Be the first to like this
People of Rajasthan
In olden days, the profession of the people decided their caste. This system has now been broken. Today, individuals have the freedom to opt for any profession irrespective of caste. The profession based caste system has now been transformed into birth-based caste system. People of various castes and sub-castes reside in Rajasthan.
The Rajasthanis are sturdy, cheerful and simple folks relatively untouched by the fast pace of modern times making Rajasthan one of the safest destinations anywhere in the world.
Colourful and Ornamental
It is also one of the most colourful. To offset the barren, colourless landscape and the monotony of its cloudless sky, the people of Rajasthan show a distinct preference for bright costumes. From the simple village folk or tribal to the rajas and ranis, the preferred colours are bright red, dazzling yellow, lively green or brilliant orange, highlighted by a lavish use of sparkling gold and silver zari or gota.
Tribal and nomadic women are known for their love for silver jewellery (although men too sport ear studs and earrings). The ornaments follow age-old designs typical of a particular tribe. In daily use the ladies wear normal ornaments of neck, hand, nose and ear but on special occasions and social functions. Women wear all the ornaments of different parts of the body to look beautiful and attractive. For its exquisite designs and delicacy of art Rajasthan Jewelry is a rage not only for ladies of India but also for women of foreign countries.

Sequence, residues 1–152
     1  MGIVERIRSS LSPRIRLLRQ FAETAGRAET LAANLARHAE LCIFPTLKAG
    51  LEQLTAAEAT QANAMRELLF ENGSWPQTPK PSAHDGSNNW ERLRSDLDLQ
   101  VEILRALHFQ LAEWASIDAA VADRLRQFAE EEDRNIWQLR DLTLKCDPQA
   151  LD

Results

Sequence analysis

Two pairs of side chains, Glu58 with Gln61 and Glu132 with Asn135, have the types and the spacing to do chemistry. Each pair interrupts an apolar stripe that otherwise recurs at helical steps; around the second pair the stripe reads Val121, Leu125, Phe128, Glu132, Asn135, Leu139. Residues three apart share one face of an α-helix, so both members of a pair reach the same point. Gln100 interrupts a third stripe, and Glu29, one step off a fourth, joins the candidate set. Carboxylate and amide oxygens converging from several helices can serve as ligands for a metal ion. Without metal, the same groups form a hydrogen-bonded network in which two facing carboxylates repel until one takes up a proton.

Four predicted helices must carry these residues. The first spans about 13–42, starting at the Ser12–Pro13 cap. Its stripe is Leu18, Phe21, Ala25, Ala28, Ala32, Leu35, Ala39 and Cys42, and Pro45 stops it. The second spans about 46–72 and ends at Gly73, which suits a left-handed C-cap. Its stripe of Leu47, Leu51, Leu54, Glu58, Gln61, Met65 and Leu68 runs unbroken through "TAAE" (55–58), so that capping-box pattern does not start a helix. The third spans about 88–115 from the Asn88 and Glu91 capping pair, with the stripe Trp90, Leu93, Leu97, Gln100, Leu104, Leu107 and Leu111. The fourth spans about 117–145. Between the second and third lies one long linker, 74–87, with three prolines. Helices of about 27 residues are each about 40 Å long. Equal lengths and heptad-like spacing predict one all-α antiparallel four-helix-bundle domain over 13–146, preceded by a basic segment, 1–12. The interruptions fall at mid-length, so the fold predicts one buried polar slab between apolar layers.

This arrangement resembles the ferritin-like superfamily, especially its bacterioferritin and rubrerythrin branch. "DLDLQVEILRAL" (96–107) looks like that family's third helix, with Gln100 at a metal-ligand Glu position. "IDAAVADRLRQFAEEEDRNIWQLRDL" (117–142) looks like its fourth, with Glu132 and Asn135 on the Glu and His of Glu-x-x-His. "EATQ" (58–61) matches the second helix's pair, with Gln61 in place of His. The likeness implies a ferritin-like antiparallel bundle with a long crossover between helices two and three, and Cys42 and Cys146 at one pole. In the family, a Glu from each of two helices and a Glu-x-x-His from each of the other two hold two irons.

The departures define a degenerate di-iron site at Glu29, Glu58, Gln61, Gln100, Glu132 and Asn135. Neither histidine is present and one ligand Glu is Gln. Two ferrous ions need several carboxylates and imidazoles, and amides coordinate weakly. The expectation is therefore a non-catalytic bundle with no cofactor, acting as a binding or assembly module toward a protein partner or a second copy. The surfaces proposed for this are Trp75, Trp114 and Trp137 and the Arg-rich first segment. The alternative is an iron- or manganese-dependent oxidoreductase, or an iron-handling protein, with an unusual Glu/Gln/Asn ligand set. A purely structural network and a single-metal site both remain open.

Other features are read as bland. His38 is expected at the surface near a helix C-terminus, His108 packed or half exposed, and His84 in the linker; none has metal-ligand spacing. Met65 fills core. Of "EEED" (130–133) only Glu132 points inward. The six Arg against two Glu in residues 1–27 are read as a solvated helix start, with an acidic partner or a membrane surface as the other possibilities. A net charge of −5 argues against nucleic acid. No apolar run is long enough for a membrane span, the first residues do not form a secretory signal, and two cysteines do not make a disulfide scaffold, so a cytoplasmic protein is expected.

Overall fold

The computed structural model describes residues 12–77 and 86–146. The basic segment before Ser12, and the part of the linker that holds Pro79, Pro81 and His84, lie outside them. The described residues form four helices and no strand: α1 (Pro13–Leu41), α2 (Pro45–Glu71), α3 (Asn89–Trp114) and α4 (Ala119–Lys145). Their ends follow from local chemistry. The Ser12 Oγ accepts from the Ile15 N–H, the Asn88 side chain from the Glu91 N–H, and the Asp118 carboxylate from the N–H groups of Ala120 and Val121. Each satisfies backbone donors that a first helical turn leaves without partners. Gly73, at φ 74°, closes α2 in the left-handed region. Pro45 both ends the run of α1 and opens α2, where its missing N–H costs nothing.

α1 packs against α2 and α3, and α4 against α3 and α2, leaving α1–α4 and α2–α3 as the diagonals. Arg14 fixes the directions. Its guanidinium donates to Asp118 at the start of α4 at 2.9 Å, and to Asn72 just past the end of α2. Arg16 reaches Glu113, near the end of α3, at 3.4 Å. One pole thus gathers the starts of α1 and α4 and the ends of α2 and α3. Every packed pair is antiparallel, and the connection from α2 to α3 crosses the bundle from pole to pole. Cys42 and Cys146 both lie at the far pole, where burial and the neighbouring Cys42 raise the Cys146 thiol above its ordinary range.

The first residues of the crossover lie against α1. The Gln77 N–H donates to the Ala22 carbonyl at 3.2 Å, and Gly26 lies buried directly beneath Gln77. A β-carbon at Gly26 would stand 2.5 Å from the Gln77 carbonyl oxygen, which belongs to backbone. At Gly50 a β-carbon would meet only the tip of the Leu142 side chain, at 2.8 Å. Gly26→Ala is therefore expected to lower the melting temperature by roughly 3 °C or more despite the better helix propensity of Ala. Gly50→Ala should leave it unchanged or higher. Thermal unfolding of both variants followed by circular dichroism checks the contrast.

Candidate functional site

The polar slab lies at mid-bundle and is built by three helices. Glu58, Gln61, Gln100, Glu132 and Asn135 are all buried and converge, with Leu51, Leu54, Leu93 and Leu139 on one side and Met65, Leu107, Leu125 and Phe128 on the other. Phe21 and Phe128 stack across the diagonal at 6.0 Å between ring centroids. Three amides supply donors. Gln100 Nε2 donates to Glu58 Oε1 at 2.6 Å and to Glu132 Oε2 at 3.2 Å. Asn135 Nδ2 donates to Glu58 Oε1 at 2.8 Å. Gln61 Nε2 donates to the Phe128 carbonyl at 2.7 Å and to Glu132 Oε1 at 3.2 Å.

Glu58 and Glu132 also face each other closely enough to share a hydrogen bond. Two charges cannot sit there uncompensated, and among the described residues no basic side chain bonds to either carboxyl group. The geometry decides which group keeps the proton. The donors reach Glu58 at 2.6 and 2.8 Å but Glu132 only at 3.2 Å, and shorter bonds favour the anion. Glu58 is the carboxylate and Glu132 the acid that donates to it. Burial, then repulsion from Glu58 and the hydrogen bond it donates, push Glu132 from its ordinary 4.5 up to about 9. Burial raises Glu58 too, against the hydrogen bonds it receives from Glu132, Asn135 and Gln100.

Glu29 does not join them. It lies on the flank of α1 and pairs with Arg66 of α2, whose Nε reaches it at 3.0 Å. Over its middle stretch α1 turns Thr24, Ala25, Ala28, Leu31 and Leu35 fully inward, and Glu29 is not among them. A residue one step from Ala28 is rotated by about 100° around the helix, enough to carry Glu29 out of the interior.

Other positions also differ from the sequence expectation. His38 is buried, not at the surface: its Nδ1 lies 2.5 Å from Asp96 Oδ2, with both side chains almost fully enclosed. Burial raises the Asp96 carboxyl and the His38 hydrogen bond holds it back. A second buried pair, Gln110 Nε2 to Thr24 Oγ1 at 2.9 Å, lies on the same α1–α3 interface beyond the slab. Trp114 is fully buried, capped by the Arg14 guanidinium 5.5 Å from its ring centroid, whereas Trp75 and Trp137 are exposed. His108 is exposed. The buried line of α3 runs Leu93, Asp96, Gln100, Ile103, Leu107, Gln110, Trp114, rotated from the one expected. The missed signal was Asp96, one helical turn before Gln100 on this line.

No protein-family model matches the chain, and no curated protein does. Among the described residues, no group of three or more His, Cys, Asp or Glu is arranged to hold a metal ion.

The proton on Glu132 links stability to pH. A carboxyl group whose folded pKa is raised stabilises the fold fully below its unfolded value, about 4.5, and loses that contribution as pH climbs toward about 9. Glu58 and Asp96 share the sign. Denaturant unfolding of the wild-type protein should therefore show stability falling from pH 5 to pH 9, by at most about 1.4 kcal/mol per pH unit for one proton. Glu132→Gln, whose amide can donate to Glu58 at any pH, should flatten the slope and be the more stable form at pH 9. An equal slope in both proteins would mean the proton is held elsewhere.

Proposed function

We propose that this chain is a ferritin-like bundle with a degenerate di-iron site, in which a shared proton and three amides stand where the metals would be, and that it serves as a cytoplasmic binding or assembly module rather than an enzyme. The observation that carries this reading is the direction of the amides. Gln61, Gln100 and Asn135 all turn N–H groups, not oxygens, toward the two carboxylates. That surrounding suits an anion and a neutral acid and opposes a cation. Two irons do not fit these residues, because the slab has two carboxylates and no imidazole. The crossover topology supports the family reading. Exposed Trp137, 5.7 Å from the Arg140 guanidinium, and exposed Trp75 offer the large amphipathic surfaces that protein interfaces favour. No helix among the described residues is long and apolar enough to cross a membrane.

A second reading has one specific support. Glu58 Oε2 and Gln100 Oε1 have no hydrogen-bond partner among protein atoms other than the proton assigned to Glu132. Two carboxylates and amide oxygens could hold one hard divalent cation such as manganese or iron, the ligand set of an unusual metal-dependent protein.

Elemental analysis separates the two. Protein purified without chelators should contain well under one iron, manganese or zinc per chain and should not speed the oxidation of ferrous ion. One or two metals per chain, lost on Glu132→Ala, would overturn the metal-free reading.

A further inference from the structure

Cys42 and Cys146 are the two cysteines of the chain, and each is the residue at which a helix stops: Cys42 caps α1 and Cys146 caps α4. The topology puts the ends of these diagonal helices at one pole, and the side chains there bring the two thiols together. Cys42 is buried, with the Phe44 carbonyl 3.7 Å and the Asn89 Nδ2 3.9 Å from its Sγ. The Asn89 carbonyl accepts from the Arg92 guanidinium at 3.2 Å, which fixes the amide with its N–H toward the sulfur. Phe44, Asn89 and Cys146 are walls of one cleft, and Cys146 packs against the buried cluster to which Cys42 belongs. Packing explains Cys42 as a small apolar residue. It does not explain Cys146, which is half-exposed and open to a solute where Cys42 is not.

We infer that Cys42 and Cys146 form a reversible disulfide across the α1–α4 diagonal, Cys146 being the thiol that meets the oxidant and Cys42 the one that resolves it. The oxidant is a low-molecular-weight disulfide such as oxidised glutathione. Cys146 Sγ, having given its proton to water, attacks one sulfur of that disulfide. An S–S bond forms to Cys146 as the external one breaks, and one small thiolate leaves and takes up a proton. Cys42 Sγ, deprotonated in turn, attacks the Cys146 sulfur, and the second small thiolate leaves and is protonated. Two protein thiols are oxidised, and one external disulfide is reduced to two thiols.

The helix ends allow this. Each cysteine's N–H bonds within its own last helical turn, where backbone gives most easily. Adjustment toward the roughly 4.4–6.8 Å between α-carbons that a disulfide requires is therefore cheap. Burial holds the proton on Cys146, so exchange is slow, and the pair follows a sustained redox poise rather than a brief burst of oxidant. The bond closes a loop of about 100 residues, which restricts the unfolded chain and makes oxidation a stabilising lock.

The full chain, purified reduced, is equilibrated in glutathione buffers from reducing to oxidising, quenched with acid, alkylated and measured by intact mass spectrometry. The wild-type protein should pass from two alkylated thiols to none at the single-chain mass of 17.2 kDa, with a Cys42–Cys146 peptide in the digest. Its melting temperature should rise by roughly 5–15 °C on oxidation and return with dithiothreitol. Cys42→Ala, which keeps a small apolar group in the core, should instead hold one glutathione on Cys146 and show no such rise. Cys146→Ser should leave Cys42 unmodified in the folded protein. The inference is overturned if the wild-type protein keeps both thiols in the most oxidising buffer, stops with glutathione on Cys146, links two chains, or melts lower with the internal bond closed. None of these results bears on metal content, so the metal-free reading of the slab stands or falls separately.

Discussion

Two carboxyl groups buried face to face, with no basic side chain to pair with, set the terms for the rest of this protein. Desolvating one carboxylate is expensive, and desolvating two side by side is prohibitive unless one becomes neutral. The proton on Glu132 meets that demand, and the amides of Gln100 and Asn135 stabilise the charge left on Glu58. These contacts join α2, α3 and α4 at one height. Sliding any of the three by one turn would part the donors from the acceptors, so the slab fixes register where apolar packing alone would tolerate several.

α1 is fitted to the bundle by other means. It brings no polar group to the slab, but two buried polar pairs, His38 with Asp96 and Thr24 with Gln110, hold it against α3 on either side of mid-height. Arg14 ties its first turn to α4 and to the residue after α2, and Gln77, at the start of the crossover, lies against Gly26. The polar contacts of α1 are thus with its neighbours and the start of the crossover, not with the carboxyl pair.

In India, the turban is popularly known as a pagdi. There are different variations of the turban, depending on the religion and region. In fact, in Rajasthan, it is said that the turban style changes with every 15km you travel. And Rajput turbans are different from Sikh turbans, which are in turn different from the classical Arab turbans. Then, there are the royal turbans from different parts of India, and the rural turban which is often just a towel wound round the head. India is a land of diversities. And it is all the more pronounced in Rajasthan. An old local saying sums it up.
"The dialect, cuisine, water and turbans in Rajasthan change every 12 miles."
In fact there are about 1,000 different styles and types of turbans in Rajasthan, each denoting the class, caste and region of the wearer.Turbans come in all shapes, sizes and colours; and there are specific turbans for specific occasions as well.
A lineage of beautiful women
Rajasthani women have been renowned for their grace and beauty. Alauddin Khilji, the Sultan of Delhi, was so smitten by the beauty of the legendary Maharani Padmini Devi of Chittaurgarh that he waged a war - in vain - for her hand. In her heydays, the present day Rajmata of Jaipur, Maharani Gayatri Devi, was considered by Vogue to be amongst the Ten Most Beautiful Women in the World. And her charm hasn't diminished one bit till today!